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0

gawk 4.1.0 onwards, an in-place editing option is available. So in one fell swoop awk -i inplace -v INPLACE_SUFFIX=.bak ' BEGINFILE{x=FILENAME; sub(/\..*/, "", x)}; /^>OT/{$0 =$0"_"x}; {print}' *.fasta will update files as needed in-place. -v INPLACE_SUFFIX=.bak causes original files to be backed up with a .bak suffix


3

Make sure you have a backup of your files before starting to change them all You can run something like the following: for i in *.fasta; do nr="${i%.fasta}"; sed -i 's/^>OTU\(.*\)$/>OTU\1_'$nr'/' "$i"; done if you have a version of sed that supports -i (in place editing). The nr="${i%.fasta}" part gets you the number from the filename. The \(.*\) ...


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I know this is an old question but i have been searching all night for a similar solution. I found a few helpful tips but they did not do exactly what i needed, so I had to mix and match a few to get the correct outcome I was looking for to simply remove special characters and replace them with a (.) dot for f in *.txt; do mv "$f" `echo $f | sed ...


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If all the files in question have the same prefix (i.e., the text before the number; c in this case), you can use gs …args… c?.pdf c??.pdf c?.pdf expands to c0.pdf c1.pdf … c9.pdf.  c??.pdf expands to c10.pdf c11.pdf … c20.pdf (and up to c99.pdf, as applicable).  While each command-line word containing pathname expansion character(s) is expanded to a ...


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Note that {1..20} is not a wildcard/globbing operator. That's a special form of brace-expansion introduced by zsh and copied with limitations and variations by ksh93 and bash. foo_{0001..0030}.nc doesn't expand to the list of matching files, it expands to foo_0001.nc, foo_0002.nc, ... foo_0030.nc regardless of whether the files exist or not. bash has that ...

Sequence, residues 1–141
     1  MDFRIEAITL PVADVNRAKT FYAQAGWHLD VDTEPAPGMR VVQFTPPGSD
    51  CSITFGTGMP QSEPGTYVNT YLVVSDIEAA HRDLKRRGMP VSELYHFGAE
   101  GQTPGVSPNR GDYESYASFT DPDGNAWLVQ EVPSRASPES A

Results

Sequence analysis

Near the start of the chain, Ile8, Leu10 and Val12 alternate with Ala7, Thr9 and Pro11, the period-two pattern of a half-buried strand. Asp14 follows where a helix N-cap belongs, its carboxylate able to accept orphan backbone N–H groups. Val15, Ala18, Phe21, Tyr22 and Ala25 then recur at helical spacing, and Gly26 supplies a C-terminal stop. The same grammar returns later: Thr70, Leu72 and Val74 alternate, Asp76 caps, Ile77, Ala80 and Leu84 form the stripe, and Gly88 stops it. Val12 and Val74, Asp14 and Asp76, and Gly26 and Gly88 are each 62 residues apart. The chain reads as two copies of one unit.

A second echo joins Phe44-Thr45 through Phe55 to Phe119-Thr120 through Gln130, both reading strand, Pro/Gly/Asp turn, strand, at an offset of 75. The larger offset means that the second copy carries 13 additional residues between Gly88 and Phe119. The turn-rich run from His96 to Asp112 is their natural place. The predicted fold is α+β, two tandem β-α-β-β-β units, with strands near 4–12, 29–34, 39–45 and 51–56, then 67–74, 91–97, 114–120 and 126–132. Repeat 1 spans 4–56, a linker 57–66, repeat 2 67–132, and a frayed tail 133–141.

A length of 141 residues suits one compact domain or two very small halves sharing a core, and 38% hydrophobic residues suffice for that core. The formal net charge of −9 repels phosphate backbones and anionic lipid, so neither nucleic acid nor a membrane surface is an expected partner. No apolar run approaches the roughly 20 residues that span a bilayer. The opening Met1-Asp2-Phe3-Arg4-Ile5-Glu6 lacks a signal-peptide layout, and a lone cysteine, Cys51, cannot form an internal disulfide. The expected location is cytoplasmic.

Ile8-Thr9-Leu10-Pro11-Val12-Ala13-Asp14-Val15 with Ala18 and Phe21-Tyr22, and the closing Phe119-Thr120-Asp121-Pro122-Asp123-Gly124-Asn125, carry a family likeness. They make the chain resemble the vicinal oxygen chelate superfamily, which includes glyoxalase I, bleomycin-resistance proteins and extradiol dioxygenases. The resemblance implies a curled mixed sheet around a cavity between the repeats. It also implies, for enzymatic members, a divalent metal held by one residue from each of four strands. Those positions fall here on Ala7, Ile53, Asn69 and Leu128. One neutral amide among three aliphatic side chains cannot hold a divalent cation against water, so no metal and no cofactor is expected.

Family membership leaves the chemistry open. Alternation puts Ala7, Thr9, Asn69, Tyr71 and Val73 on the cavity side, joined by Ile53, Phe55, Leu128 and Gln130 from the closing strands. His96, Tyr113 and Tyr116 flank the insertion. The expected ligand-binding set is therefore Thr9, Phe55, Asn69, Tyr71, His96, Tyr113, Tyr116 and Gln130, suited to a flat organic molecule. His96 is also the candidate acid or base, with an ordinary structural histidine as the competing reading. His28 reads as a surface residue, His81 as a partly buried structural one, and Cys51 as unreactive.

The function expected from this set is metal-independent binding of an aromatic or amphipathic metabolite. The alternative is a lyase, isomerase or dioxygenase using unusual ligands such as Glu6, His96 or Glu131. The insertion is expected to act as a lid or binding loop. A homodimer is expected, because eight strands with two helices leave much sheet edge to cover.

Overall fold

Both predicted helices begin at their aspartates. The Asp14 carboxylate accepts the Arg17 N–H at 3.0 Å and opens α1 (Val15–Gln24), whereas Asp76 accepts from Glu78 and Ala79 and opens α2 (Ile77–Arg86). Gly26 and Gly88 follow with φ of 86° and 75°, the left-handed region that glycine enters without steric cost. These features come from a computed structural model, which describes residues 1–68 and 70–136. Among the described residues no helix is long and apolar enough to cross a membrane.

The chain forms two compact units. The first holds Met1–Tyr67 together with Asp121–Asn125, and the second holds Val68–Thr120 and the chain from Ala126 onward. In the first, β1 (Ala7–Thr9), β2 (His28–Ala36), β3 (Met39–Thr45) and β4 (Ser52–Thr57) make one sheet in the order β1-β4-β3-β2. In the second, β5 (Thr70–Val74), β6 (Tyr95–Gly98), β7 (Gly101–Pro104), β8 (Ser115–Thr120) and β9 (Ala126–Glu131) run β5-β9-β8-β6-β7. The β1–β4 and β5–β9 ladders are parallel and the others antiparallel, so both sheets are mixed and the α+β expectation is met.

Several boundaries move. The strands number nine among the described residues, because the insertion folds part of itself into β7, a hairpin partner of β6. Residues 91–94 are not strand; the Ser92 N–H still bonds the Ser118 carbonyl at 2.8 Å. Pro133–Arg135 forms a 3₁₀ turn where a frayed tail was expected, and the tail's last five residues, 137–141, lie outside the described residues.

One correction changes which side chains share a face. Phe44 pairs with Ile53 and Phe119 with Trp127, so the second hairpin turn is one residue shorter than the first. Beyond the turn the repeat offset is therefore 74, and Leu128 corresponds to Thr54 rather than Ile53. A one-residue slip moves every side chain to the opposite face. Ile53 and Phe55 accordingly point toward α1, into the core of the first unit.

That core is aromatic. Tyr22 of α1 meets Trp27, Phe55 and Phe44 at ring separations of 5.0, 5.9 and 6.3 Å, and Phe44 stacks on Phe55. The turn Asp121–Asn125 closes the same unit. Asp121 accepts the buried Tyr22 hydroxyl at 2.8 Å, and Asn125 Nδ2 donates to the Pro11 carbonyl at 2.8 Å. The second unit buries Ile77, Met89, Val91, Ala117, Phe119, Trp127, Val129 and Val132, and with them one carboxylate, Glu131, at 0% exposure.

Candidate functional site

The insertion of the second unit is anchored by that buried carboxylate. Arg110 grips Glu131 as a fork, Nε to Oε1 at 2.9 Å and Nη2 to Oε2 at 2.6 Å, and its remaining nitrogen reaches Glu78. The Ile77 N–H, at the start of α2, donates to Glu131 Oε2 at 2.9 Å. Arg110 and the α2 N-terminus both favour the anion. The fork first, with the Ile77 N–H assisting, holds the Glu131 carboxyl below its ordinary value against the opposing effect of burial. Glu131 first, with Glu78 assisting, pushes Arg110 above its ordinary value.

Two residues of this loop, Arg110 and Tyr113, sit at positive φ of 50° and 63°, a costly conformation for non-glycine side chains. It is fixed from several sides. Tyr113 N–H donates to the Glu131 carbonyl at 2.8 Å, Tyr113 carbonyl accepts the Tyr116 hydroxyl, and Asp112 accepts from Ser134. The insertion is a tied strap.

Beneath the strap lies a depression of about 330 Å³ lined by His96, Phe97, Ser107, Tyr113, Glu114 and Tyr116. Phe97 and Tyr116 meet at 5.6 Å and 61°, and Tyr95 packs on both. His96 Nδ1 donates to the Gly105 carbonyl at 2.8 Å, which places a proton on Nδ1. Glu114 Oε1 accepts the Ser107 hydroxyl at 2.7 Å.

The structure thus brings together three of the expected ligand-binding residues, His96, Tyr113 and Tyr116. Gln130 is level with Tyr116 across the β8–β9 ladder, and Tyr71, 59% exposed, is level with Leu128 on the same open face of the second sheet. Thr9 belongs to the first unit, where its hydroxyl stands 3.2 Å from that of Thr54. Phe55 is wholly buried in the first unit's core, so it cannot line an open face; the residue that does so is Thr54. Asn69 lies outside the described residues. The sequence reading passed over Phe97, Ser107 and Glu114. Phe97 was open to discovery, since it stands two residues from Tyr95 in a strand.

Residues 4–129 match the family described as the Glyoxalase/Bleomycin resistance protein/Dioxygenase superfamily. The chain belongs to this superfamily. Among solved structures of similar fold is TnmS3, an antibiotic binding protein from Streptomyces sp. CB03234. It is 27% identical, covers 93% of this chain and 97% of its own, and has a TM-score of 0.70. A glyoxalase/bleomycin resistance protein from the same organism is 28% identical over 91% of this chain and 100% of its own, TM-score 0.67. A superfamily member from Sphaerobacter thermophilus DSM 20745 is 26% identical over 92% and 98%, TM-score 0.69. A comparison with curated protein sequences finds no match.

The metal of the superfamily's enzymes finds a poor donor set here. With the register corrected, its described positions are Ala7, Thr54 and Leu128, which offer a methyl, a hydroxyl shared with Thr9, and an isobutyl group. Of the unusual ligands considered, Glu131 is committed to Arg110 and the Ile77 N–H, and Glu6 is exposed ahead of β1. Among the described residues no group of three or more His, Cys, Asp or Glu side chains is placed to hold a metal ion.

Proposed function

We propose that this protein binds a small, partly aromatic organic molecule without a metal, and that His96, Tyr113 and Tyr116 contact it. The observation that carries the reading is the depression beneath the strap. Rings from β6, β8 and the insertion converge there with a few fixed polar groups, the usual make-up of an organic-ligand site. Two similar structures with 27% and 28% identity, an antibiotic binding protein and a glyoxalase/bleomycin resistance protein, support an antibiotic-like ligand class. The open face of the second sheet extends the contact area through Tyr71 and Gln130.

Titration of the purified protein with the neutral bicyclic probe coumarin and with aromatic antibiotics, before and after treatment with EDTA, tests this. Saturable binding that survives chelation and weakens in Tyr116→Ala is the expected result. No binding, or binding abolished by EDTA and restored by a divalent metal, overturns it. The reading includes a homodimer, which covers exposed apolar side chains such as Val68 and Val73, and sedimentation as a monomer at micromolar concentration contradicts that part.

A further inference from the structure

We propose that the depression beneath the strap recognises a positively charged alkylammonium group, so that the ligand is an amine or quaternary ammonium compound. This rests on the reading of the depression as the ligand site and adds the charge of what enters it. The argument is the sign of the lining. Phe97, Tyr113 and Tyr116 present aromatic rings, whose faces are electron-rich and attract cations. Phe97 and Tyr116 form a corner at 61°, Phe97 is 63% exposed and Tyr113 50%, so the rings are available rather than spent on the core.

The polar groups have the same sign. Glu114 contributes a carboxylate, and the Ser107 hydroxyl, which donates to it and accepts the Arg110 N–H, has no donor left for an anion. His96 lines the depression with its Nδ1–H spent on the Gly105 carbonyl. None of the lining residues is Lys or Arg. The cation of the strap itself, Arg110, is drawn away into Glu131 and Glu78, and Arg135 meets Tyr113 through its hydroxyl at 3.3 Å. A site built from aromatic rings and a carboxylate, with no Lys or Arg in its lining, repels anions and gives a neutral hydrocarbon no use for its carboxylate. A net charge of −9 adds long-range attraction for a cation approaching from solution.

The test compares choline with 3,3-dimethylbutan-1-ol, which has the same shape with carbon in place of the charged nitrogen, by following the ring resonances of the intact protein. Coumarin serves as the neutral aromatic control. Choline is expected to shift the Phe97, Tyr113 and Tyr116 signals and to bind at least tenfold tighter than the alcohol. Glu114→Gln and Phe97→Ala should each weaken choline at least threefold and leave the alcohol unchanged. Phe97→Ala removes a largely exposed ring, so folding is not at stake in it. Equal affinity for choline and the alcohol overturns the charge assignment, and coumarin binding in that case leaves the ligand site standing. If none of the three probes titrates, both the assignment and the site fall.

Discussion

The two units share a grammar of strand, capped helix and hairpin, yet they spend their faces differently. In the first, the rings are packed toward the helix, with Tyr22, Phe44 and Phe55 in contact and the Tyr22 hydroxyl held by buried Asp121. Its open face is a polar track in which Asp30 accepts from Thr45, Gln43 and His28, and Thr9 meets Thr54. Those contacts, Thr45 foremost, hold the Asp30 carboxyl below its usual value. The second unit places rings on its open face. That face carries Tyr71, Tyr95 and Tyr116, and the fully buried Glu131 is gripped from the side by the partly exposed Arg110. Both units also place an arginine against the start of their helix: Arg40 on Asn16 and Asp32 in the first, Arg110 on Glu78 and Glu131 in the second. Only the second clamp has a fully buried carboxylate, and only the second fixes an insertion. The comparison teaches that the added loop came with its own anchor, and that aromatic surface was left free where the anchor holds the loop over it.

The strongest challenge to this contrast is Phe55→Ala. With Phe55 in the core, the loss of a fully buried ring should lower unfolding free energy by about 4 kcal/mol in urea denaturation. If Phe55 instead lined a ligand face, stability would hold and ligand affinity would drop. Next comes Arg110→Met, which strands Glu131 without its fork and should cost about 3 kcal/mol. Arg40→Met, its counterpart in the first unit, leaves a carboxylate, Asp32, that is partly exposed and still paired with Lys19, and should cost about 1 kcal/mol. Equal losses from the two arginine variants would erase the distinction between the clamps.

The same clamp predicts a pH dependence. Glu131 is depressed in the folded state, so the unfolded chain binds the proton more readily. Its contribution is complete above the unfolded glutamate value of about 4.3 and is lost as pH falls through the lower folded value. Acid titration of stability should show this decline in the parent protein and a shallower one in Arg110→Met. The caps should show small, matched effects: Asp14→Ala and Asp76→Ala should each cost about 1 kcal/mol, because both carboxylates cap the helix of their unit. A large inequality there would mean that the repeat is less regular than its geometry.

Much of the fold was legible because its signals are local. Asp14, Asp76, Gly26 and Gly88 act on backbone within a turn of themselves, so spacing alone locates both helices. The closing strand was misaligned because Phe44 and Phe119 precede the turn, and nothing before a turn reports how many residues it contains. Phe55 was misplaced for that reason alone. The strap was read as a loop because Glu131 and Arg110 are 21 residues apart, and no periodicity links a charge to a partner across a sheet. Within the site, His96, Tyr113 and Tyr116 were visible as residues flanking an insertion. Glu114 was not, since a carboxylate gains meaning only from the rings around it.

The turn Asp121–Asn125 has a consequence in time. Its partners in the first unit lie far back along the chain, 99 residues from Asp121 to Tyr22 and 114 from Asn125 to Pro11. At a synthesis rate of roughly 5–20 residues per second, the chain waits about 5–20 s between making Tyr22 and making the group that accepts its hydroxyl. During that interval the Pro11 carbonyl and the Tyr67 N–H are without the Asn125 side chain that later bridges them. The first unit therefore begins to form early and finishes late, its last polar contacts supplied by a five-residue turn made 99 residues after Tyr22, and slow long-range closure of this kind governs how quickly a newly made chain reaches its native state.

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Brace expansion happens before variable expansion, so there's no way to use variables in it. You can use seq instead: seq -f foo_%03.0f.nc $ns $ne


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Thanks for all the suggestions, I took pieces from everyone's suggestions and built this command. In my case this is exactly the command I required. for f in /mydirectory/*.zip; do n=$(echo ${f##*/} | cut -c1-30); unzip -d /mydirectory/$n $f; done It loops through all the zip files Echos each zip file (file name only, no extra info like size or ...


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With sed you can get the first 30 characters: sed 's|\(.\{30\}\).*|\1|' and use that instead of cut in your for loop. The breakdown of that sed substitution is that what is matched between \( \) you substitute with \1. the {30} (escaped with \) counts 30 single characters (.).


-1